Pedagogy does not belong to teaching method, but tends to go to the level philosophical concepts representing
the adult learners’ involvement in teaching and learning process. The pedagogical effects in teaching are seen
through teaching methods. In other words, there are many teaching methods representing and orienting to
pedagogy or pedagogically oriented. Those kinds of teaching methods are as presented as follows:
1) Direct instruction

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The teacher as the centre of teaching provides the academic content to direct the activities of students and
maintain a focus on academic achievement (Killen, 1998).
2) Lecture by teacher
Teacher asks students to listen and respond information in classical teaching (Marsh, 2000).
3) Recitation oral questions by teacher answered orally by students
Teacher presents questions and occassional question which students have to answer (Marsh, 2000).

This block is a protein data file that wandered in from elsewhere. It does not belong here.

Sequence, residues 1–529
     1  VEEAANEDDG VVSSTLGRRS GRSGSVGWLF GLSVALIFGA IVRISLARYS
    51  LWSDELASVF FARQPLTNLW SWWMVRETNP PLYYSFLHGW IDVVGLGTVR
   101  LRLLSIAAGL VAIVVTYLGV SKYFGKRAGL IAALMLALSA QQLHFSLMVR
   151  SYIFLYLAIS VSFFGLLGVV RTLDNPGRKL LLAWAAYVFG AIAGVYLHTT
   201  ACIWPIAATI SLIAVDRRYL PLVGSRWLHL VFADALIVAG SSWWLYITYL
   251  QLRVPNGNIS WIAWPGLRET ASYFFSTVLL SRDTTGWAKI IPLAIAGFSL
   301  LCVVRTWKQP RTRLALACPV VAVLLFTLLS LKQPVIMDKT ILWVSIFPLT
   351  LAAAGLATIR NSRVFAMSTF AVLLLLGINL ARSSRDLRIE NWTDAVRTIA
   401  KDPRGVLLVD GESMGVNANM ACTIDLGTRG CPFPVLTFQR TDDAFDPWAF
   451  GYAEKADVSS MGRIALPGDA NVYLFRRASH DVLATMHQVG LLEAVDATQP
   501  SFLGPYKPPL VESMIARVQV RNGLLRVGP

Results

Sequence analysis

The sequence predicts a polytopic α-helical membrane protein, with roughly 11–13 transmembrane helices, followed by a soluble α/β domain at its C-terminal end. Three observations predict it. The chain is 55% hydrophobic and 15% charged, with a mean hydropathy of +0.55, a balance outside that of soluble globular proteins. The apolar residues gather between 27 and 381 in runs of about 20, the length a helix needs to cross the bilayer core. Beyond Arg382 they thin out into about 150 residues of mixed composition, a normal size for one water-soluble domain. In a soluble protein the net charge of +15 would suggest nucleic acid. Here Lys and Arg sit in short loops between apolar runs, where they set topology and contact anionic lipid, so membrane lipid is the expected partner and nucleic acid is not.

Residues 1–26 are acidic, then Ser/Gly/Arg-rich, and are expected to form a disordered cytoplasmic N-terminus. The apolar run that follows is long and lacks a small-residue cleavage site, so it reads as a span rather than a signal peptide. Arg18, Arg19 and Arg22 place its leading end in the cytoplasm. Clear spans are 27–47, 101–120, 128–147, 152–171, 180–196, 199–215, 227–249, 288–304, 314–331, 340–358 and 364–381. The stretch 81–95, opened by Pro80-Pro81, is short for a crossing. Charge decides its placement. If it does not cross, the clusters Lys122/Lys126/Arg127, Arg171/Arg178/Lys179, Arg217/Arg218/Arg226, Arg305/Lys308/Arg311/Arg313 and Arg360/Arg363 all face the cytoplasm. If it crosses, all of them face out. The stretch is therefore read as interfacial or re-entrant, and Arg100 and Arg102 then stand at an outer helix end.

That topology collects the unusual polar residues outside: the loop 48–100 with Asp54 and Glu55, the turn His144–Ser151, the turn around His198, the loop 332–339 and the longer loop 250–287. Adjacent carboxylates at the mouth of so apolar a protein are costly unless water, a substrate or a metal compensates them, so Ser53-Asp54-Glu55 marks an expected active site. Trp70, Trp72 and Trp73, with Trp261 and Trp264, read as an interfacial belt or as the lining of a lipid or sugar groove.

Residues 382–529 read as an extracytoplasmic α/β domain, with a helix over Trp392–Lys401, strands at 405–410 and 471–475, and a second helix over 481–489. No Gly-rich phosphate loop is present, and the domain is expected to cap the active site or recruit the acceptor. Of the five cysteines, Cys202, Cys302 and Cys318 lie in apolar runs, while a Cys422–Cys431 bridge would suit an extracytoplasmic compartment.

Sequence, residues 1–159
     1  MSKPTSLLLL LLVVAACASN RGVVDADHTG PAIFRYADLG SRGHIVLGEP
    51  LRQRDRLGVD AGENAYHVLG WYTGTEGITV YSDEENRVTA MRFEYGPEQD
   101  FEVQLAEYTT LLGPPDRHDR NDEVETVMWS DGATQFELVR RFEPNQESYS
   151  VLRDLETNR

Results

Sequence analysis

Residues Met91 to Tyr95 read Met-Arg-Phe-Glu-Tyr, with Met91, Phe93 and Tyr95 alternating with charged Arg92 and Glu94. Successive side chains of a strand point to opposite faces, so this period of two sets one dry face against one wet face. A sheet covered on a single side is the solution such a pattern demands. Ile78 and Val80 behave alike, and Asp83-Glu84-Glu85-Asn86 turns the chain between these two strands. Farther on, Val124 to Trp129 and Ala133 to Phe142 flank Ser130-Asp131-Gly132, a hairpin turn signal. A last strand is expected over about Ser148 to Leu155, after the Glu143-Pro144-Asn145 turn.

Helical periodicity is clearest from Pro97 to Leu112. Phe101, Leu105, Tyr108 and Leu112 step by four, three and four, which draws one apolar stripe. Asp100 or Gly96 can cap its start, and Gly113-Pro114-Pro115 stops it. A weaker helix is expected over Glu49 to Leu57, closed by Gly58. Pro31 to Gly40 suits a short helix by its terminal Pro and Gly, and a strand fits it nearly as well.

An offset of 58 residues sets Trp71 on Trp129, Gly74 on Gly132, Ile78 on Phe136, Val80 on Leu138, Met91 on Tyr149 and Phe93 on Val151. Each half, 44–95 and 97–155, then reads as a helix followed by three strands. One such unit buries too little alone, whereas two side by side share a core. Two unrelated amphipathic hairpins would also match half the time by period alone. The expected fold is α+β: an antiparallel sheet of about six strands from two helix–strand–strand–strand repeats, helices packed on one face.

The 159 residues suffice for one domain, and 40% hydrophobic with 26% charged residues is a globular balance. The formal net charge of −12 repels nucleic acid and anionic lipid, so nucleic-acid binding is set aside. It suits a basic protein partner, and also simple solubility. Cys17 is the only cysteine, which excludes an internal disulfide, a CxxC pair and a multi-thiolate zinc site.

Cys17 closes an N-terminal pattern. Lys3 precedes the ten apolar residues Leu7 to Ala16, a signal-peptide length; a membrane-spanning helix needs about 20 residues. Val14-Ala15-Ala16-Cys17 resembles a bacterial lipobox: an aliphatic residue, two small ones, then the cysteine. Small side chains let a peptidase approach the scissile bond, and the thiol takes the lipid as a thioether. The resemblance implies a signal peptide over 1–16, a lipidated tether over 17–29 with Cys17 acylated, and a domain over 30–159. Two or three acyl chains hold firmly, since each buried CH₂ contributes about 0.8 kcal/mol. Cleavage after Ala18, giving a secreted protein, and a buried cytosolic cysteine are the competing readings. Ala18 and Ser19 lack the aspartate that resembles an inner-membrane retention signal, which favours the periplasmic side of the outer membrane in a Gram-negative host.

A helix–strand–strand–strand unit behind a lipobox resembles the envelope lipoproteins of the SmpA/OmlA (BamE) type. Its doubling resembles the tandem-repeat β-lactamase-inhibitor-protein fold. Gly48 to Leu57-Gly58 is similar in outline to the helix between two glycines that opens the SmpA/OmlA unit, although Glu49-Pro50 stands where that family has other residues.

4) Lecture-demonstration by teacher
Teacher gives information and material students observe, listen, and practice (Marsh, 2000).
5) Classwork and homework assignments
(Module 4-B).
6) Construction of vocabulary lists and vocabulary drills
Teacher gets students listen and repeat vocabularies the teacher gives (Marsh, 2000).
7) Memorizing
The students memorize things, even though they do not understand (Module 4-B).
8) Reviewing
Reviewing is given to increase understanding by exposuring semantic network (Module 4-B).
9) Questioning
Teacher provides well-formed questions to students for developing critical thinking skills (Module 4-B and
Setianingrum & Saleh, 2016).
10) Discussion led by teacher
(Module 4-B).
11) Textbook assignment
Assignments from textbooks are given to students as learning material and student worksheet (Rukmini, 2009)